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An Open Letter to Nia Green

Nia Green is a 16-year-old girl whose mother beat her after finding pictures on Facebook of the teen and her boyfriend wearing only towels. The beating was livestreamed to Facebook and went viral. This is an open letter dedicated to her, from one Black girl to another.

Dear Nia,

I’m sorry.

I’m sorry that you’re another Black girl that the world didn’t protect. But, I guess the world doesn’t really protect any of us Black girls. I’m not going to use this letter to condemn your mother. No, I’m not condoning her actions, but I think far too many people have used their Twitter fingers and Facebook statuses to yet again scrutinize the way a Black mother parents. When white parents make parenting decisions, it’s a private matter. When Black parents, particularly Black mothers, parent, it’s always up for public discussion. The Department of Family and Children Services seems to only be necessary for Black and Brown folks.

But, I do want to say that your mother reminds me of my own. They want so badly to protect us that they will do anything to get us to submit. They know the world loves to condemn carefree, Black girls. They inflict their own traumas onto their children as a form of protection, not always realizing the hurt and trauma that they are creating. They also know that Black parents who can’t control their children will have their children taken. Our public shaming and punishing serves as evidence that they are capable of taming their “wild” children. This in no way excuses the things that your mother did, but I believe your mother’s actions are another testament to the way that white supremacy traumatizes Black families.

I, too, was a young Black girl exploring my sexuality. My mother didn’t know that I put myself on birth control until two years after the fact, when she suggested I start it before leaving for college. My mother doesn’t know when I had sex for the first time, who I had sex with for the first time, or how many people I’ve had sex with since then. I remember the shame I felt in secret as my mother gossiped about all of the other “fast-tail” and “hot-behind” girls. The only time I didn’t feel ashamed was when I talked with my friends. We would laugh and giggle as we swapped stories of our experiences. We’d share tips and tricks with each other. When I had a pregnancy scare in high school, it was my best friend who gave me a pregnancy test, not my mother. Ours and your actions are not up for public debate and commentary. We aren’t provided with comprehensive sex education, contraceptives, or access to reproductive healthcare. Yet, when we explore intimacy and sexuality on our terms, we are always to blame for our “reckless” behavior.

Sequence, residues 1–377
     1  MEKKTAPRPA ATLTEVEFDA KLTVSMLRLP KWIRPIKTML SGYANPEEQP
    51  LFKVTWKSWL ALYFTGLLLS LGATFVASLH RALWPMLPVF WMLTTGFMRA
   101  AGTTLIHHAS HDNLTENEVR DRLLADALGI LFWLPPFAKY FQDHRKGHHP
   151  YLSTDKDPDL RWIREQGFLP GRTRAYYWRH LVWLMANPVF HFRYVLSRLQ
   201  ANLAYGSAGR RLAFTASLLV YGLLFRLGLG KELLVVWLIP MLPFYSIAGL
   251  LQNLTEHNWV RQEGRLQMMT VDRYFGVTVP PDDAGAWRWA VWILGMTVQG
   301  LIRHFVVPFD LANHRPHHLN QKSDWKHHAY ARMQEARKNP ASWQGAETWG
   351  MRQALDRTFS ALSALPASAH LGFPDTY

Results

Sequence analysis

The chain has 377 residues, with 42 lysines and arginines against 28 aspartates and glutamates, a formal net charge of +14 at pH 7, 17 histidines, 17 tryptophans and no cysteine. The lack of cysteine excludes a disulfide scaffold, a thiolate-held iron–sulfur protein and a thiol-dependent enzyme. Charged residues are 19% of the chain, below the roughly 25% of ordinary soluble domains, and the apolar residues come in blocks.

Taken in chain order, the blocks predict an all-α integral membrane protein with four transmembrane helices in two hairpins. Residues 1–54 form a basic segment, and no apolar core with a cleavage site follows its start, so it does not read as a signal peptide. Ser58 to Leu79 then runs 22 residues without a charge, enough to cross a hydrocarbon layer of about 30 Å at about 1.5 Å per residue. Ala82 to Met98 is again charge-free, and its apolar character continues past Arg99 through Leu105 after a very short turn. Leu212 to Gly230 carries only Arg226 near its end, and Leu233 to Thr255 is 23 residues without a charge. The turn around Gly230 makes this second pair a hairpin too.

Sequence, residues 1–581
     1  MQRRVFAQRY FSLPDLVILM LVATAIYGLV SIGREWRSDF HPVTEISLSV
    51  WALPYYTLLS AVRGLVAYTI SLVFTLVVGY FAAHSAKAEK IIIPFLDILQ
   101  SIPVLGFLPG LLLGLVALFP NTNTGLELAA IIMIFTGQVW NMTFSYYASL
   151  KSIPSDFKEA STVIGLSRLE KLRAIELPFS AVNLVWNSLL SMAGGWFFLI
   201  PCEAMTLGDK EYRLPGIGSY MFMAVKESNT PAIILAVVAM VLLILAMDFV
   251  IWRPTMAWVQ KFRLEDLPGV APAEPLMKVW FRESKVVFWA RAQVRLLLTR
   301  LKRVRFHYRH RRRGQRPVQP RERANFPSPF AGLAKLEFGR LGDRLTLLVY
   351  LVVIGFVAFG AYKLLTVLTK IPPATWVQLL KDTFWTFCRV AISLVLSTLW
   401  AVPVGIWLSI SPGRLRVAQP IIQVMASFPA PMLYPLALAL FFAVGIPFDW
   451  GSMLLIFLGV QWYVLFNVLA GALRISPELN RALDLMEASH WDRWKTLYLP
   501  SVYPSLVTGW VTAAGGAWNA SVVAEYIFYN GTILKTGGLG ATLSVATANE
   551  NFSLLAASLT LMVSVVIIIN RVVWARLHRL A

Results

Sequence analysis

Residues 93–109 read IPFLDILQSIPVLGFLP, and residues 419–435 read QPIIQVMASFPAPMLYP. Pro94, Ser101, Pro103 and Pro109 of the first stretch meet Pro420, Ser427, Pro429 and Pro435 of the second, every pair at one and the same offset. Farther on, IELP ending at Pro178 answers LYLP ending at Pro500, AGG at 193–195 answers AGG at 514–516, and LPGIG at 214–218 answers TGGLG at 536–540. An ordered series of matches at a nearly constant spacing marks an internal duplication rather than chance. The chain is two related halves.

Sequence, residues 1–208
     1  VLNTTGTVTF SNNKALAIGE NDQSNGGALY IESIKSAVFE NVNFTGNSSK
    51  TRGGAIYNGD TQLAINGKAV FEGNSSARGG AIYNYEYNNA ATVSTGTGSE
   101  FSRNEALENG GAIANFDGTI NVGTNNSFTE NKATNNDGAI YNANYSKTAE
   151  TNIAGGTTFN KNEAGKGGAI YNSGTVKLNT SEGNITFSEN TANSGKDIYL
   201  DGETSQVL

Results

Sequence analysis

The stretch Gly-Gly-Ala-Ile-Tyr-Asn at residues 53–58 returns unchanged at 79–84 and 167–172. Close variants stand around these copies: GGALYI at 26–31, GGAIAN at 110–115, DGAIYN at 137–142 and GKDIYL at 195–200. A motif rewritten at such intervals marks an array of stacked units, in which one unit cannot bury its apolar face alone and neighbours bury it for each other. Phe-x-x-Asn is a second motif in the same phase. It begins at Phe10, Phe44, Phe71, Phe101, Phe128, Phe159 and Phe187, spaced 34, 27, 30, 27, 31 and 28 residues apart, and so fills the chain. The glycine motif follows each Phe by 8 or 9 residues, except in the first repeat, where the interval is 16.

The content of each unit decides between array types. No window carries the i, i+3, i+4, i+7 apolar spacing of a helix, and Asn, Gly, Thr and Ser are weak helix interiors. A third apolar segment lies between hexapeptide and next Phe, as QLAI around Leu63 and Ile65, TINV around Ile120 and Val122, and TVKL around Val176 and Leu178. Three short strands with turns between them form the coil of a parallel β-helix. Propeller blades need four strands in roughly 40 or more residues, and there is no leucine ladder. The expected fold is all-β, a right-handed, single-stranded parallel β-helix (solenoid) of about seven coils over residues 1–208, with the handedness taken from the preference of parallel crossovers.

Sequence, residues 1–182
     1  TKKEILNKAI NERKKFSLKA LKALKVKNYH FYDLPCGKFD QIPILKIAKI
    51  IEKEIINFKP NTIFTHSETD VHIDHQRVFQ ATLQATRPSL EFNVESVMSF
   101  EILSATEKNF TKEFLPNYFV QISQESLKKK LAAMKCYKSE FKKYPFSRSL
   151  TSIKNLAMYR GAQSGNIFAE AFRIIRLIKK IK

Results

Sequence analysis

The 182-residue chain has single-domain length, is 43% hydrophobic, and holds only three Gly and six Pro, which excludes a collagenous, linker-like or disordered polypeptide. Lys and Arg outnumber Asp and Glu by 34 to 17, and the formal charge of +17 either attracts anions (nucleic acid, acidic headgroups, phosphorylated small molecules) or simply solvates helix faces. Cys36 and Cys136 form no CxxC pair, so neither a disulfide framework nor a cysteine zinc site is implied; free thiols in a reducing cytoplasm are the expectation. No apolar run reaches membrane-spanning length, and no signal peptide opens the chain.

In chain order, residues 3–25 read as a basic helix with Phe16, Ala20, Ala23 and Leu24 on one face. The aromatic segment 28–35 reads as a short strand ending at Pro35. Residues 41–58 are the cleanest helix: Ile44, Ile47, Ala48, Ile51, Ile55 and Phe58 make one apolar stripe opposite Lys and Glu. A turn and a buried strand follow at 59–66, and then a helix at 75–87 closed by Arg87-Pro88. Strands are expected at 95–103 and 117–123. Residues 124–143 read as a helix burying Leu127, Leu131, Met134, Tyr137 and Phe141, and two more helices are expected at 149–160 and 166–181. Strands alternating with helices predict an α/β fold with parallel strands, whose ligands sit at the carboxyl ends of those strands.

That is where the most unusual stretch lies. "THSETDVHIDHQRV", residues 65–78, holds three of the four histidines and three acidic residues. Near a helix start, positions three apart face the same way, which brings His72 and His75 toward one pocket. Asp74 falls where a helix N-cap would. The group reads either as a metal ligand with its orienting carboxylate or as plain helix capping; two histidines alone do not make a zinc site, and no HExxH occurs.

Nia, you’re not nasty. You’re not a thot. And you’re not a hoe. You’re a Black girl living in a world that seeks to exploit and destroy Black women and girls. You don’t deserve to be an another example of a young Black girl beat as the world watches. You shouldn’t have to “keep things to yourself” as an act of safety. You deserve so much more than the world has ever been able to offer Black girls. You deserve to be in a world that affirms you, your sexuality, and your autonomy.

And Nia, for you and all of us Black girls out in the world, I hope that one day is soon.

With love,

Quita

Header image credit: 68/George Doyle/Ocean/Corbis

Quita Tinsley is a fat, Black, queer femme that writes, organizes, and overall is working to build sustainable change in the South. She holds a B.A. in Journalism with a minor in Sociology from Georgia State University, and is currently pursuing an M.A. in Women’s, Gender, and Sexuality Studies from her alma mater. She is a member on the board of directors of Access Reproductive Care – Southeast, and is a former content creator for the The Body Is Not An Apology. As a femme, feminist, and queer Black woman, it is through her lived experiences and complex identities that Quita has come to believe in the power of storytelling and the validation of lived experiences.

Quita Tinsley is a fat, Black, queer femme that writes, organizes, and overall is working to build sustainable change in the South.

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